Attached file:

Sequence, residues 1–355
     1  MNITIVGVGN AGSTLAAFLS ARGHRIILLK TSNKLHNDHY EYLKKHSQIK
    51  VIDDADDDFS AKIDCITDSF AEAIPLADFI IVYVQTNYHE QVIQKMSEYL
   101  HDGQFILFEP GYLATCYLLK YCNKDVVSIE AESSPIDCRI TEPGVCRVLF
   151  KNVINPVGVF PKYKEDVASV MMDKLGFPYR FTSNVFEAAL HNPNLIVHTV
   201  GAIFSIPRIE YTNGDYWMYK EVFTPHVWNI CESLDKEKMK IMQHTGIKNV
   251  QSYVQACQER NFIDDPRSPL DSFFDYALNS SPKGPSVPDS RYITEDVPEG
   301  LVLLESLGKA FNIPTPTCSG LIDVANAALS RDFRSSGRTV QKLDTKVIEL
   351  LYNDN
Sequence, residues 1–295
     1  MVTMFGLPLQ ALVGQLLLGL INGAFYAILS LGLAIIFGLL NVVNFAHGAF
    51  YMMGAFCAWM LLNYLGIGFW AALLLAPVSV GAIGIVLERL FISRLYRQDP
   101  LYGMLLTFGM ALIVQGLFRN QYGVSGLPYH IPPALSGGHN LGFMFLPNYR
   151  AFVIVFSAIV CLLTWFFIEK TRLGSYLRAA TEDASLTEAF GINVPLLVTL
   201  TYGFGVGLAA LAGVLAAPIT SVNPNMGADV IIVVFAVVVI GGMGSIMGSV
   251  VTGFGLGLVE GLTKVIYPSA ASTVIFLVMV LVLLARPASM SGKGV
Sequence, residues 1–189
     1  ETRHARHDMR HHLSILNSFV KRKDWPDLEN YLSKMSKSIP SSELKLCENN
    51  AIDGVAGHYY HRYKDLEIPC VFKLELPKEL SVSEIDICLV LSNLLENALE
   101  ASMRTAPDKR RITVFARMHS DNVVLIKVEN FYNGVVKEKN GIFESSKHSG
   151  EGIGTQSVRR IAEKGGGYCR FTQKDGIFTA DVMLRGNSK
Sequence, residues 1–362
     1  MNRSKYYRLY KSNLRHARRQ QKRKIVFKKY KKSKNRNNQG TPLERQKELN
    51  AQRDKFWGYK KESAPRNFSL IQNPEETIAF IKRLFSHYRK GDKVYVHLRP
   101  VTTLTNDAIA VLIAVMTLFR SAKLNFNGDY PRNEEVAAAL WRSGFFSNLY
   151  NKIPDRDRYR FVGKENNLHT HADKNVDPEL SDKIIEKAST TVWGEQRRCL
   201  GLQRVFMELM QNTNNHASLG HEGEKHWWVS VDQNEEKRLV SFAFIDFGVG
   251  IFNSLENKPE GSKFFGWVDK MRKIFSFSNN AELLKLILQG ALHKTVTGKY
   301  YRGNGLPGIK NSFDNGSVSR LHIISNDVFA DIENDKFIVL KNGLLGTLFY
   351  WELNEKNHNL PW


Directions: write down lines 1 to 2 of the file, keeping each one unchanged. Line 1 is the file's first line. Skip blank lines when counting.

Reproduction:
Sequence, residues 1–355
     1  MNITIVGVGN AGSTLAAFLS ARGHRIILLK TSNKLHNDHY EYLKKHSQIK